It happens every time. I’m in a hurry and stressed. But then I see the sign “Cuyahoga Valley National Park.” And my heart rate slows. My blood pressure drops. I breathe a little deeper.  I don’t experience this at other places. Not at our local Towner’s Woods in Kent. Not at Sleeping Bear Dunes National Lakeshore in Michigan. It’s not even like there are these sweeping vistas to greet the visitor like there are at, say, the Rocky Mountain National Park. It’s that the CVNP is my space, 22 minutes from my driveway — 33,000 sweeping acres that breathe the words “Nature counts.” It’s a comforting statement that came into being when the CVNP was named a recreation park in 1974 and then again in 2000 when it was deemed a national park. “We the people believe nature counts” is a statement made subconsciously and consciously every day by the society of workers and the people who frequent the park, that calls me from my back yard, up OH 43 from Kent, to Ravenna Road, to 303 and into the Valley. I see that sign. And I know am in solidarity with like minds in solidarity with creation. On this particular Sunday, I didn’t know exactly where I was going. I knew the sun was shining, and the sky was blue. I knew I wanted to see shadows on expanses of snow  — one of my favorite images in nature. I knew because of unrelated time constraints that I had only half an hour once I got into the Valley, which meant my visit had to be quick, which meant this would be a perfect day for parking my car at the lot off Ira Road and walking 15 minutes to the Beaver Marsh boardwalk. I knew I likely wouldn’t see any beavers as they are nocturnal and it was 2 in the afternoon. I would, however, see frozen water and likely the shadows I sought. First, though, on my way to the marsh, just before the intersection of Ira and Akron Peninsula Road, I came upon these munchers. I thought to keep going, but instead, I got out of my car, walked up to the fence on the other side of the road and started photographing with my Nikon 2.8 70-200 long lens.DSC_4309
At some point, the goats started inching toward me en masse. Without looking up from their munching. But there was this one dude, who kept raising his head to stare at me. I got the impression he was the leader.

He looked up at me and then back at the herd.

And then he started walking slowly toward me, his eyes never leaving mine. At this point, the thought occurred to me that he might be coming to head-butt me and that I might  consider running, except surely this was an electric fence separating us.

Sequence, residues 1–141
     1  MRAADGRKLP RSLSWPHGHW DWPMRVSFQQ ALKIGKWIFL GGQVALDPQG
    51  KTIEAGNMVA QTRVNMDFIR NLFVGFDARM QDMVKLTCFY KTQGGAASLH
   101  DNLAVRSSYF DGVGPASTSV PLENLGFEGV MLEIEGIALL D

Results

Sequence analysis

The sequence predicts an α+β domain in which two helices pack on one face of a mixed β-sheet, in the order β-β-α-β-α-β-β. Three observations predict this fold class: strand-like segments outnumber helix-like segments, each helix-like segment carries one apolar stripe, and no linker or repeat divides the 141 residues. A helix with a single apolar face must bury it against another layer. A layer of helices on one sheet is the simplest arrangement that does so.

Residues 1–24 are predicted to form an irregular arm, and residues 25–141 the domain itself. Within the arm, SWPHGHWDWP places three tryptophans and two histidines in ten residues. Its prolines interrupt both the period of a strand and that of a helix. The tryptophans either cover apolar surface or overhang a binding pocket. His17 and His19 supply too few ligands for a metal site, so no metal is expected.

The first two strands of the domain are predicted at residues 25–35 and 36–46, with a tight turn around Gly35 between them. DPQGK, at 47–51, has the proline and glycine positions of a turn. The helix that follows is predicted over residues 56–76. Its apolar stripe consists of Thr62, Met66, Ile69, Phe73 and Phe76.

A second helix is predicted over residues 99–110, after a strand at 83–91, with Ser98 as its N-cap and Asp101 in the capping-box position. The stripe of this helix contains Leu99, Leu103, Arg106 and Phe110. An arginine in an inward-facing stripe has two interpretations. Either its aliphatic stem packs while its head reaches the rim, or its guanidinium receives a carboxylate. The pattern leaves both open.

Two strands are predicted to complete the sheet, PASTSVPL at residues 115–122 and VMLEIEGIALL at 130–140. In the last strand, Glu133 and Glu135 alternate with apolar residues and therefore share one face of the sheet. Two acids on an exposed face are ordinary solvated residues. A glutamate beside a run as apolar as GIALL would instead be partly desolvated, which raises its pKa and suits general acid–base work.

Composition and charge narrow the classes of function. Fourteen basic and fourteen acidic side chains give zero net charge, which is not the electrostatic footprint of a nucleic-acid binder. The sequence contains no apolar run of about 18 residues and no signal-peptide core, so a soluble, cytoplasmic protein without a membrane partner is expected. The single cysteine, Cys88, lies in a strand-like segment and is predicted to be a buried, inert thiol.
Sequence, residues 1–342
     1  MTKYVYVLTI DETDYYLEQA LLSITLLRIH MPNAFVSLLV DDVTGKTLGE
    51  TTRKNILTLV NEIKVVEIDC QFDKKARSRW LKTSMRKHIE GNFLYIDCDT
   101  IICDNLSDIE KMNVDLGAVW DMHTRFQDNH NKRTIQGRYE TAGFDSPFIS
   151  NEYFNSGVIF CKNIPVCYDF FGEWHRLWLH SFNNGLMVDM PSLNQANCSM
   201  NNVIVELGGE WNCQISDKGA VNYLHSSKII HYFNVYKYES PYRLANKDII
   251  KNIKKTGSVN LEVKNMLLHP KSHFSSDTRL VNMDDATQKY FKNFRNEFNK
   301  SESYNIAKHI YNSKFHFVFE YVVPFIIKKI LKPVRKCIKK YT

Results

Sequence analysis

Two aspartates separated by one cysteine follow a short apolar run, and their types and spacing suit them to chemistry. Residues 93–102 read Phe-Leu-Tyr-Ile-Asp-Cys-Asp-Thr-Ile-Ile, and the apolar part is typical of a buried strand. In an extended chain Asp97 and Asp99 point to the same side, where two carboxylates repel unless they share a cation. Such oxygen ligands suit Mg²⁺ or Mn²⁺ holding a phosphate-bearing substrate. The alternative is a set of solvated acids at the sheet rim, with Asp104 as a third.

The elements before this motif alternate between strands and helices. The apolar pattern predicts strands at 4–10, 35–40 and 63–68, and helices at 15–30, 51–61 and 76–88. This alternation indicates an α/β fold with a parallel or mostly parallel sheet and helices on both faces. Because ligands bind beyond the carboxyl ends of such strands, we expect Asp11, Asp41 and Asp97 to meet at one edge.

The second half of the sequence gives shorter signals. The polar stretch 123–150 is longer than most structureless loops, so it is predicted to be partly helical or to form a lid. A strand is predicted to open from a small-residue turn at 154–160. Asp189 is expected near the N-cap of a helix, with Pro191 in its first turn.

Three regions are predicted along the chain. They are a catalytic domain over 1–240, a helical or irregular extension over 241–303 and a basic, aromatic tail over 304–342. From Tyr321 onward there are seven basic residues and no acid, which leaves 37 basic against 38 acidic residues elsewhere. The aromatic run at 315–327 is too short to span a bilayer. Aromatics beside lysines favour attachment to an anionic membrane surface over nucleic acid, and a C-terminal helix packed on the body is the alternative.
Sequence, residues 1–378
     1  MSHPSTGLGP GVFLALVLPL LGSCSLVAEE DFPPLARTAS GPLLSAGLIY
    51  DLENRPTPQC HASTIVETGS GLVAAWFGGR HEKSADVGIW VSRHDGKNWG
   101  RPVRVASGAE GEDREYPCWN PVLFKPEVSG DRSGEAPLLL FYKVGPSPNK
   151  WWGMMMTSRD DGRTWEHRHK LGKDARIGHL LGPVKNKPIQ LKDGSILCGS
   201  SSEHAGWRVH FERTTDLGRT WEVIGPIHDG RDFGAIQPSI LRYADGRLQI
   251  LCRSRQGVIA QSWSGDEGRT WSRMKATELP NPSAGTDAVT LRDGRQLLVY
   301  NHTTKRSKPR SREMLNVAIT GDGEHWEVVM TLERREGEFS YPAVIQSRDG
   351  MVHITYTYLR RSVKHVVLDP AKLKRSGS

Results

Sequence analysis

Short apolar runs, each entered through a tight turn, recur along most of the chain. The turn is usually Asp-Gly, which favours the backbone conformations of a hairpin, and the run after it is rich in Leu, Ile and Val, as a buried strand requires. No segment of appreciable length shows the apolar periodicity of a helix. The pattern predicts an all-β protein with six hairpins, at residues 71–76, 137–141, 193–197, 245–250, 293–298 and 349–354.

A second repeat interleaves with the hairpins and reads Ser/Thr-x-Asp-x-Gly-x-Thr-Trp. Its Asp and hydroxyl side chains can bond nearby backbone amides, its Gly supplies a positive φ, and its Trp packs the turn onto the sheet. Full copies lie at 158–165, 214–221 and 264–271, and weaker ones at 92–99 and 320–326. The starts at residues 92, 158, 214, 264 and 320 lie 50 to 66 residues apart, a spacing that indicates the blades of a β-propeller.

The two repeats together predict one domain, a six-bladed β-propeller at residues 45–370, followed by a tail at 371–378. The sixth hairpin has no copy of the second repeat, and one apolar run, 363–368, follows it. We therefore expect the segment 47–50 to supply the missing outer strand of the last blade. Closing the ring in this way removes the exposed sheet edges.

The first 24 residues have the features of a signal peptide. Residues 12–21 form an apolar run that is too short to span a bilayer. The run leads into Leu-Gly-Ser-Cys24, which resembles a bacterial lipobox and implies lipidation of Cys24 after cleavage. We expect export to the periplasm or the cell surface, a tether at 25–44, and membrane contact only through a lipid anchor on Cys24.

Smart guy, he got within a few feet of the fence (and me), and stopped. I’m not sure what he was trying to communicate. He stood straight and still, staring directly into my eyes.He looked back at the herd a time or two and then back at me.

I kept my camera on him, whistling loud a couple of times when he was looking at me so I could get a photo of his ears straight out. The ears perk up at sound.

And then he turned and headed back to the herd. “She checks out OK,” his body language seemed to communicate to his buddies.

DSC_4336And that was that. The king of the goats resumed his munching, as did his comrades. And I moved on to the marsh, a place I’d visited only once, about 15 years ago, when my children participated in a Junior Ranger program. It’s called the “Beaver” Marsh, but I knew I wouldn’t see any beaver or other little critters because of that nocturnal thing. The best time to see them, according to my good buddy, Ranger Judson, is around sunset or sunrise. A woman heading toward the marsh, walking a new English cocker puppy, told me she did see a mink the other day. I told her I wouldn’t know a mink from a muskrat.

I do hope one day to know such things. I hope also one day to be able to identify the tiny little footprints I saw on the marsh this day. There were so many different ones.

It will be nice to go back in the spring near sunset and just sit quietly and wait for various animals to make an appearance. I hear there are not only beaver and mink, but otter and muskrat here, too. Meanwhile, I did get to see those shadows on the snow. I saw beautiful blue sky against the crisp white of the land. I saw joggers taking advantage of the sun and the boardwalk. The path was icy in spots, but easy enough to avoid, apparently, when eyes are wide open.